What Causes Dreams: The Chemistry of Dreaming

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The human brain is a complex mechanism, and the science of what causes dreams covers a range of areas, from tracking our brain activity during REM sleep to examining the chemistry of dreaming. Although the emotional centres of our brains are buzzing with activity while we dream, the biochemistry is dramatically different to our waking state.

The chemicals which play the most important role in the science of dreams are the neurotransmitters acetylcholine, serotonin, and noradrenalin (also known as norepinephrine).

Neurotransmitters are the chemicals our nerve cells use to communicate with their neighbours. Noradrenalin and serotonin are linked with memory, attention, and concentration, and while we’re awake they’re produced plentifully in our brains. But during REM sleep, the supply of these chemicals shuts down, and acetylcholine courses through our brains.

“The brain is being squirted full of this stuff, and it drives you nuts. Your visual and emotional centers are being bombarded. You are basically having a modified seizure,” says Dr. J. Allan Hobson, Harvard Medical School dream researcher.

The bursts of acetylcholine induce REM sleep and excite our visual, motor, and emotional centers, sending images flashing through our minds, but without the serotonin and noradrenalin we lack our usual judgment and memory skills, leading to the bizarre unreality of the dream world. Injecting acetylcholine-like substances into the brains of research animals has given them longer and deeper episodes of REM sleep.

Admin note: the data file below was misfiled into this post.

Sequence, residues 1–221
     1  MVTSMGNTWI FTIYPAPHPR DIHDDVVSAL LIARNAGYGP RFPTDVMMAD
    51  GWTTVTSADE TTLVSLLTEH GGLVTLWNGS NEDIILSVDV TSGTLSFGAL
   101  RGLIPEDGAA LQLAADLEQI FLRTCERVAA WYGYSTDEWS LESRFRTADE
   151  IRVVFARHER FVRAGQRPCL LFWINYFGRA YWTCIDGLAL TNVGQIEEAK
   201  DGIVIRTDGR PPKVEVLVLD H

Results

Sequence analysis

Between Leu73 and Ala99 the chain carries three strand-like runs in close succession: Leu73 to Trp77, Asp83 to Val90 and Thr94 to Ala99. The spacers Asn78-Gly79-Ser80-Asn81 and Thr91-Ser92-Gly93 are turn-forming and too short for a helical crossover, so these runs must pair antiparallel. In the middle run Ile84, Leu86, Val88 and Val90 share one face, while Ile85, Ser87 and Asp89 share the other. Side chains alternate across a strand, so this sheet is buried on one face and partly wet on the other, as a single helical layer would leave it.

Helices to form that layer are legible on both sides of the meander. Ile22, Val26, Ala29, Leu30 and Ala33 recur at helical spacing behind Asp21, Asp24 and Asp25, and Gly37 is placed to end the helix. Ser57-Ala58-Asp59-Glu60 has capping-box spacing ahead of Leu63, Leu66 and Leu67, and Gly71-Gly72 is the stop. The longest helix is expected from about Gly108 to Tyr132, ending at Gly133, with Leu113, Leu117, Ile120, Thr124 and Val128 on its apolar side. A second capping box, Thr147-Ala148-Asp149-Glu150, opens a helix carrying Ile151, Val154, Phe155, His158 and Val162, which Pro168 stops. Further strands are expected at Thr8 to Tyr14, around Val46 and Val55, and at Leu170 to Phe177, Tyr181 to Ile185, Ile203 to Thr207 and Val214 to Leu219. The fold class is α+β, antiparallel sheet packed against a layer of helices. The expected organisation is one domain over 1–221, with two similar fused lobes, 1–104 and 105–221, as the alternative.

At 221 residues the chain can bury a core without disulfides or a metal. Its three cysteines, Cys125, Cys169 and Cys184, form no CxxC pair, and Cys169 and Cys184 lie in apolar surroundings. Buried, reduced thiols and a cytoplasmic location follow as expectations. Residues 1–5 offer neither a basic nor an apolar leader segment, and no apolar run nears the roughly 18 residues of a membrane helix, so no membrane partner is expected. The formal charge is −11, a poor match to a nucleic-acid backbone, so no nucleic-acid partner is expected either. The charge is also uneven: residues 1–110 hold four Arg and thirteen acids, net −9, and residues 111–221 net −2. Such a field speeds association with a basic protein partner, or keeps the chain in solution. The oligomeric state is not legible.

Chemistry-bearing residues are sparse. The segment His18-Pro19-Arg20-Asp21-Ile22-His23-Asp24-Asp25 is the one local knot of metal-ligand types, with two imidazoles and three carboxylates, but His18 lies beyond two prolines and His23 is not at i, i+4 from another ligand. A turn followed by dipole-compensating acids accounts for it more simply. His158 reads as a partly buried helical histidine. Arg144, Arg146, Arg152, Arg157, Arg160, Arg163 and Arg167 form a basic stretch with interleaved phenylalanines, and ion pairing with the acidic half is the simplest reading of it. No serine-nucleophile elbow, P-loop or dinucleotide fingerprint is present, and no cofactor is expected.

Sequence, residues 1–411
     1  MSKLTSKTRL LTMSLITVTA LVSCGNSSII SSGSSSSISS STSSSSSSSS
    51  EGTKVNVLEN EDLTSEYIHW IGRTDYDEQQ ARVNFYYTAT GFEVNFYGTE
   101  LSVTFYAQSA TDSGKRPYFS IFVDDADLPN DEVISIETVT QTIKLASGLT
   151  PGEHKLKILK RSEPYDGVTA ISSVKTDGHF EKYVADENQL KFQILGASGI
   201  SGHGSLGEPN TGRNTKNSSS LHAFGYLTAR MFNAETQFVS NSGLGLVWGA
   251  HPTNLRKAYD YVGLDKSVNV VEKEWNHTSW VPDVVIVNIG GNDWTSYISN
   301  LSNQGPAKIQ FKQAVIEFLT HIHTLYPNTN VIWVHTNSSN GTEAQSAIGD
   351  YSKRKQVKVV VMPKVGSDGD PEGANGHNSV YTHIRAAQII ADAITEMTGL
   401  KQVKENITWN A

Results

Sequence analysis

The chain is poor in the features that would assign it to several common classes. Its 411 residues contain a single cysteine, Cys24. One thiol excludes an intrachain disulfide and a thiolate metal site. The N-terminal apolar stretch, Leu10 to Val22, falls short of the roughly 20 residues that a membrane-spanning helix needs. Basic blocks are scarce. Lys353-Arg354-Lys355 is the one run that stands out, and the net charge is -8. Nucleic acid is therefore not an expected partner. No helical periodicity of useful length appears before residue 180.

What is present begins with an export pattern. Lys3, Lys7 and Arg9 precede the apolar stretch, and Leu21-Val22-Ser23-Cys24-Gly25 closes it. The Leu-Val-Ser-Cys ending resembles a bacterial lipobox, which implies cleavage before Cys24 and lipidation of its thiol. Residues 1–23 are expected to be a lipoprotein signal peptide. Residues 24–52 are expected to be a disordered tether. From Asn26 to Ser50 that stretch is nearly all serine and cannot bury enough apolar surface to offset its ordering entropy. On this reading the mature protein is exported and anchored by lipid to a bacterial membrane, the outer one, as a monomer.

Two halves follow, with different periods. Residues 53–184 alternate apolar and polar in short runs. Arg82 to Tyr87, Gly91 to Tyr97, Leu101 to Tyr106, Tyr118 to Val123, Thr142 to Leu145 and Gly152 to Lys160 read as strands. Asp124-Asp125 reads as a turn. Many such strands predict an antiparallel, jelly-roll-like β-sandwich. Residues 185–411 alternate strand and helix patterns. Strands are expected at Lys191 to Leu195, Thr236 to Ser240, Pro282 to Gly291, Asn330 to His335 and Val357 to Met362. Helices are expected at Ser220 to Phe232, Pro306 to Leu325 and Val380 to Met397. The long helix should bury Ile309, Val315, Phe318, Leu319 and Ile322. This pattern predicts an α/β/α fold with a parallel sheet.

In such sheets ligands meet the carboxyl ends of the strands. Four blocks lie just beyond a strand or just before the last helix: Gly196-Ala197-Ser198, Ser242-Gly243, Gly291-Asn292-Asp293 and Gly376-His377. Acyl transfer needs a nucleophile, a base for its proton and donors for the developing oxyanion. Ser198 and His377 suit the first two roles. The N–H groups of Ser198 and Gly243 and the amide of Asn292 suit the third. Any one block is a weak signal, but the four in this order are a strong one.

What Causes Dreams: The Chemistry of Dreaming

A low supply of acetylcholine in the brain has been linked with Alzheimer’s disease. Some drug treatments for Alzheimer’s work by preventing the breakdown of this neurotransmitter, and very vivid dreams are a common side effect of these medications.

What causes dreams? It’s pretty safe to say that the main chemical cause of dreams is acetylcholine!

After about 90 minutes of REM sleep, the serotonin and norepinephrine start pumping out again, counteracting the acetylcholine and “switching off” our dream state.

One theory is that REM sleep allows these cells to rest, giving our brains a chance to restore their supply of serotonin. This provides an interesting connection to me, as a lack of serotonin is thought to be one of the biochemical causes of depression.

So that’s the biochemical model of dreams, but what about other theories on why we dream? Dream research has plenty to say on this, particularly in the areas of learning, memory, and emotion.